ALLI, or the Alliance of Independent Authors (http://allianceindependentauthors.org/) is a paid only membership organization. For authors the annual cost is $99.00 U.S. They offer no free services or information. Their Facebook group page is open to members only. However the group does share information, answers questions and posts information from other sources, as long as it is not considered “promotion”. I still have not figured out what that means judging from what I see on the page. When I tried to share information on predatory publishers my first post was deleted. Members are eligible for discounts at events, fairs and on advertising opportunities. Their website has tons of valuable information available to members – if you can find it – including three “help” books for self-publishers. Still, I find the site so complex that I have difficulty getting to where I want to go. (yes, I paid for a membership recently) ALLi is based in England and the majority of its members are on “that side of the pond”, though they also have members from North America and other areas.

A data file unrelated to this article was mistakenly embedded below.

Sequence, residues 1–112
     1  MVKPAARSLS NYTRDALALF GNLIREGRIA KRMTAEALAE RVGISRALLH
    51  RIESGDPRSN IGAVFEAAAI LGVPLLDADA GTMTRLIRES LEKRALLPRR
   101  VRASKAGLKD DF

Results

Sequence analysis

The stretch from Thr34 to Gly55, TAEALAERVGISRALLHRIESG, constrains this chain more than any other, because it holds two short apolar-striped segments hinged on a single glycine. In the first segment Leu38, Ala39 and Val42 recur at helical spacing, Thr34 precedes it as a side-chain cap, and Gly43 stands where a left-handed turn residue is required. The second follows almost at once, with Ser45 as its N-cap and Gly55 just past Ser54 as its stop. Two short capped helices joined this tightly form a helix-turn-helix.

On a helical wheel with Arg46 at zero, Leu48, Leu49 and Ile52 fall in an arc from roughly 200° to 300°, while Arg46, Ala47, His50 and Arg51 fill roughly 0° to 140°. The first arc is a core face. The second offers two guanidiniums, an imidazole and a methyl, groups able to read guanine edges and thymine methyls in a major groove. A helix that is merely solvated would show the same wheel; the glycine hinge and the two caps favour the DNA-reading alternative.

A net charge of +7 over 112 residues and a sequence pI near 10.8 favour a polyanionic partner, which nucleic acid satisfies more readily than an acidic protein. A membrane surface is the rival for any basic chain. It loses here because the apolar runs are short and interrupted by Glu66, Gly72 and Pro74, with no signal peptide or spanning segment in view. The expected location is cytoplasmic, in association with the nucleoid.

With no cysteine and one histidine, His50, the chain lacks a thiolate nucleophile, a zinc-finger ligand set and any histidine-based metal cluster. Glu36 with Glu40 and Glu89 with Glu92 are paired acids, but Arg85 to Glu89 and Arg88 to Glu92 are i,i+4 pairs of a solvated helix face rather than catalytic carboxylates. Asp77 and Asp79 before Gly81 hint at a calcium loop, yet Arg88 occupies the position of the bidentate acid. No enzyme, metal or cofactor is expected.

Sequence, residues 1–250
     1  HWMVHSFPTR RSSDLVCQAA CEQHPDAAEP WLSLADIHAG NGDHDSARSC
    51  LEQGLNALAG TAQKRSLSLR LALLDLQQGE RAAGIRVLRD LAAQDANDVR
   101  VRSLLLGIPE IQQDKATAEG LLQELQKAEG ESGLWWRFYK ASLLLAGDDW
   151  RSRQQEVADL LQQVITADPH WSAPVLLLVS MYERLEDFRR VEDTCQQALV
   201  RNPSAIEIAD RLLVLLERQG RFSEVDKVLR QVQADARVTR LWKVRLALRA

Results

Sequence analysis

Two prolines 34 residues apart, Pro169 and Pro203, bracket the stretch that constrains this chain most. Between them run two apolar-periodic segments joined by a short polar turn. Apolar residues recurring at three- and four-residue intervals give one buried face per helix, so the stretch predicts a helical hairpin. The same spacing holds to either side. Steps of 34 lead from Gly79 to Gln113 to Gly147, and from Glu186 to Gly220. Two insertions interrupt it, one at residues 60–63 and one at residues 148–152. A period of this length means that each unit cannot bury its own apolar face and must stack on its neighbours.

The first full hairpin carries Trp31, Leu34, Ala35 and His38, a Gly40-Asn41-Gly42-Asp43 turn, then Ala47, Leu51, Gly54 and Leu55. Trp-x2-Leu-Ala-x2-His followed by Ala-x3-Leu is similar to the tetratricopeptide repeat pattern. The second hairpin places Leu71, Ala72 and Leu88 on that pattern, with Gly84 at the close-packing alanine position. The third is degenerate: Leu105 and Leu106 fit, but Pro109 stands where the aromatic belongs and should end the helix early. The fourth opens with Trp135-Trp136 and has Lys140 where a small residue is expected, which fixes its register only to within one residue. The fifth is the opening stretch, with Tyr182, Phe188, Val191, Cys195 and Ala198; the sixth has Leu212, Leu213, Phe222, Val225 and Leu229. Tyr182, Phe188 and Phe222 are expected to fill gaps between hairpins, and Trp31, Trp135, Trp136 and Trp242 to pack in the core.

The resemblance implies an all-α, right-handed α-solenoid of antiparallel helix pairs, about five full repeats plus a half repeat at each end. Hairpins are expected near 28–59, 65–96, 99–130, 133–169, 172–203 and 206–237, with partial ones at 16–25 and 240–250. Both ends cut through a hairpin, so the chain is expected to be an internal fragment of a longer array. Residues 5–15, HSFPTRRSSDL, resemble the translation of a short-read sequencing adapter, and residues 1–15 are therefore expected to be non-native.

The IWWG (International Women’s Writing Guild) (http://www.iwwg.org/home) is a paid membership only group with an annual membership fee of $55.00. They have a member only Face Book page similar to other sites where they share information and answer members’ questions. Their members’ books are listed on a public site. Discounts are offered for conferences as well as on opportunities to promote their work in their own magazine. They also have a listing of agents who welcome female authors. As I am not a member this information was gleaned from their website.
SavvyAuthors (http://ce.savvyauthors.com/) has both free and paid memberships. The free membership includes authors’ books and blog feeds displayed on Public Author Pages, and a weekly newsletter. For a $40.00 annual membership fee, many other features, resources and services are added, such as workshops, events, writing groups, on-line resources, and discounted contest entry fees. I liked the layout of their site, which I found easy to use.